YARKON or ME-YARKON (Jarkon; Heb. מֵי (הַ)יַּרְקוֹן), river on the border of the tribe of Dan, which is described as passing Bene-Berak, Gath-Rimmon, and "Me-Jarkon, and Rakkon, with the border over against Joppa" (Josh. 19:45–46). The majority of scholars, regarding the form Rakkon as a haplography, identify the Yarkon mentioned there with the river known in Arabic as Nahr al-ʿAwjā, the second largest source of water in Israel. The Yarkon rises from the vicinity of Tell Aphek (Raʾs al-ʿAyn), approximately 8 mi. (13 km.) from the sea, and after describing a bow to the north, falls into the sea at Tel Aviv, after a course of approximately 16 mi. (26 km.). It receives several tributaries, of which the Naḥal Natuf (Wadi Deir (Dayr) Ballūṭ), from the north, and the Naḥal Aijalon (Wadi al-Muṣrā), from the south, are the largest. At present, the river is barred by a sandy spit, but in ancient times it was navigable for a certain length. This explains the existence of an ancient port and storage center at Tell Qasīle, approximately 2 mi. (3 km.) inland, on the northern bank of the river. The name Yarkon is derived from the root yarok ("green"), which refers to the color of its waters. According to Greek legend, it was in the waters of this river that Perseus washed his sword after killing the dragon and liberating Andromeda on the rocks before Jaffa; therefore, at certain seasons, its waters run red. This fact is explained by the red soil (ḥamrāʾ) through which the Yarkon runs. In the Mishnah (Par. 8:10), it is referred to as Me-Puga, the waters of Pegai (the Greek name for Tell Aphek, from where the river rises). It is listed in the Talmud (BB 74b) and elsewhere as one of the four rivers of the Holy Land; due to its swampy origin, its waters were unusable for service in the Temple. As the most prominent of the east-west water courses passing the coastal plain, the Yarkon served as the boundary of the territories of Jaffa, Philistia, and Judea at various times. Passage over it was sufficiently difficult to cause the course of the Via Maris to be diverted so as to pass Tell Aphek, a fact which explains the importance of this site. Alexander Yannai tried to use the line of the river as an obstacle to the advance of the Seleucid army southward by fortifying it. Remains of his fortifications have been found at various places in Tel Aviv.   In early Arab times, the Yarkon was called Nahr Abu Fuṭrus, a corruption of the name antipatris , the city founded by Herod at Tell Aphek. On its banks the famous battle of al-Tawwāḥīn between the Tūlūnid Egyptian and the Abbasid troops was fought for the possession of Palestine in 885. In Crusader times, it was known as the "River of Jaffa" (Flum de Japhe), rising at the "tower of the silent springs" (Toron quod superiacet surdis fontibus). Even at that time it was called Nahr al-ʿAwjā ("the tortuous river") by the Arabs, a name which the Crusaders corrupted to les Loges. The first accurate mapping of the Yarkon was made by Jacotin in 1799. In the 19th century, its basin became one of the centers of Jewish settlement, beginning with Petaḥ Tikvah and then Bene-Berak, Ramat Gan, and Tel Aviv. Its waters were used for irrigation and other purposes by the settlements along its course; a project to exploit it for generating electricity had to be given up. The crossing of the Yarkon by Allenby's army in 1917 marked the culmination of the first British campaign in Palestine. In recent years, half of its waters have been diverted to irrigate the Negev, thus reducing its level and drying out its bed drastically. The establishment of new settlements and industries along its course introduced pollutants into the water. As a result, only in the eastern part of the river, near its sources, is there running water. Its western part contains seawater. In 1988 the Yarkon Authority was established to clean up the river, and a large park, the Yarkon Park, was created on its western bank. However, the river remained polluted, and the Maccabiah tragedy of 1997, when a bridge collapsed as the Australian contingent crossed it, cost people their lives due to exposure to the polluted waters of the Yarkon. -BIBLIOGRAPHY: S. Avizur, Ha-Yarkon… (1957); B. Maisler (Mazar), in: Eretz-Israel, 1 (1951), 45ff.; idem, in: IEJ, 1 (1951), 61ff., 125ff., 194ff.; M. Avnimelech, in: BIES, 15 (1950), 2ff.; idem, in: IEJ, 1 (1951), 77ff.; J. Kaplan, in: BIES, 16 (1951), 17ff. (Michael Avi-Yonah / Shaked Gilboa (2nd ed.)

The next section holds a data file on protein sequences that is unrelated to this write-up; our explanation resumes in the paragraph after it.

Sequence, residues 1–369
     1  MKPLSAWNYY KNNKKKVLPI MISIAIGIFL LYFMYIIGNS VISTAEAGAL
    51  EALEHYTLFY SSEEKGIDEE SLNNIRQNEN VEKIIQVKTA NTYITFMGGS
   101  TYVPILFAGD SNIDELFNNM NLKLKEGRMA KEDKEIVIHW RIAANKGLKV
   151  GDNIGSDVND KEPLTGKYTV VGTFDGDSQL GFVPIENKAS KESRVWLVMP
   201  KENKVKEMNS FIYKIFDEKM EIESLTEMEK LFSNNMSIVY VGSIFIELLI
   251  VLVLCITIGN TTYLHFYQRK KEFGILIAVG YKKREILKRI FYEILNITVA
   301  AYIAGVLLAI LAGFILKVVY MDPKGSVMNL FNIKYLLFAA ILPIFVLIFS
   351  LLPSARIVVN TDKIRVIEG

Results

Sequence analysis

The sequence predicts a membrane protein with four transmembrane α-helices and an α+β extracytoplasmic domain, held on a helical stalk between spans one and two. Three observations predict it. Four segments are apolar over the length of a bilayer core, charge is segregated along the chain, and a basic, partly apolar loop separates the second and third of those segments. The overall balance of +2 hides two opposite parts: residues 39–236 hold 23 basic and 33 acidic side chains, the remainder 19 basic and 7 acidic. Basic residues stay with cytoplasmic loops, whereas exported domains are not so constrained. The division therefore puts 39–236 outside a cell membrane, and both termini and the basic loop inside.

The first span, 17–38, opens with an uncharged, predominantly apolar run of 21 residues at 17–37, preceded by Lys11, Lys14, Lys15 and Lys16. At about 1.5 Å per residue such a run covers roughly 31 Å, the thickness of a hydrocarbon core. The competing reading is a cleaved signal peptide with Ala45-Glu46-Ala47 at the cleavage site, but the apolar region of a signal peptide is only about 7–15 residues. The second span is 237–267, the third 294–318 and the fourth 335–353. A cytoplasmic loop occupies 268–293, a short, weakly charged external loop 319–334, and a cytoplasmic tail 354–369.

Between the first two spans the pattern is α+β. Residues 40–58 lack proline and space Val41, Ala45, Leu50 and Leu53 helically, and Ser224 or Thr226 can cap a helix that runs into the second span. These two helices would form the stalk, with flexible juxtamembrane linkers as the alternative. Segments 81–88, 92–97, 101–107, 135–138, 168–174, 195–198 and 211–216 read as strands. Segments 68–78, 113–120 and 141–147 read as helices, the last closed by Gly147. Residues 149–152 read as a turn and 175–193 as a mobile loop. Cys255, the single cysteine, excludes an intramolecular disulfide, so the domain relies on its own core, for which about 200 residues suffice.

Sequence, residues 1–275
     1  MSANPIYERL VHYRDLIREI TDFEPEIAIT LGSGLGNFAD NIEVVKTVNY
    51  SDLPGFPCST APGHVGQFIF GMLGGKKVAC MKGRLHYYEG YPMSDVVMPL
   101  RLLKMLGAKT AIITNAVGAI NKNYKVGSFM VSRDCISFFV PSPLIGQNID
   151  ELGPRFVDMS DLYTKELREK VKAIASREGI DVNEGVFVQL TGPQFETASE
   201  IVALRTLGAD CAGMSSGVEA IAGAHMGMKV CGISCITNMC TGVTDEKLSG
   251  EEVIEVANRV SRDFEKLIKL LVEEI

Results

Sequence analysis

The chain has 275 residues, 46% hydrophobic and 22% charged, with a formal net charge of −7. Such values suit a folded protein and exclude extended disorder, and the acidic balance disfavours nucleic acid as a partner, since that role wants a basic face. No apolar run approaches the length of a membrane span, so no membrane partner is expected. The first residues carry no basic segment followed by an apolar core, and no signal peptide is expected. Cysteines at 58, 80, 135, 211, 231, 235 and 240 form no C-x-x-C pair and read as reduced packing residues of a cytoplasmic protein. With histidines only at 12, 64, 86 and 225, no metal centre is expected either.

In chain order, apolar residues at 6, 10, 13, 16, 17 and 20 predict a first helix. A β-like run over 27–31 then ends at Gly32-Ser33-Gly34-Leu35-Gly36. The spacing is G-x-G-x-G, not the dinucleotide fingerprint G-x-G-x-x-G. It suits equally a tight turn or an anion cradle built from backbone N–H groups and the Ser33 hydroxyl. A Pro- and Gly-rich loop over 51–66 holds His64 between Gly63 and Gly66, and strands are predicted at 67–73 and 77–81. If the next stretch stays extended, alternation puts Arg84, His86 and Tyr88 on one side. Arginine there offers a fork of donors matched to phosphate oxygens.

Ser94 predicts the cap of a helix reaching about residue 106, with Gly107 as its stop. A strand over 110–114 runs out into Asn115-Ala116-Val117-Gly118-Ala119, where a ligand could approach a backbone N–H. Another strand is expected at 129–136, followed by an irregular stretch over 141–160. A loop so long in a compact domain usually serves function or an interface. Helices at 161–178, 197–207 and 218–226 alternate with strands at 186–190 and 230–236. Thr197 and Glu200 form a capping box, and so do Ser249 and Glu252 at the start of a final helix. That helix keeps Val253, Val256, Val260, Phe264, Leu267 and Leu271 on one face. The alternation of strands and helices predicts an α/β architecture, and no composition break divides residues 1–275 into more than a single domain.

Encyclopedia Judaica. 1971.

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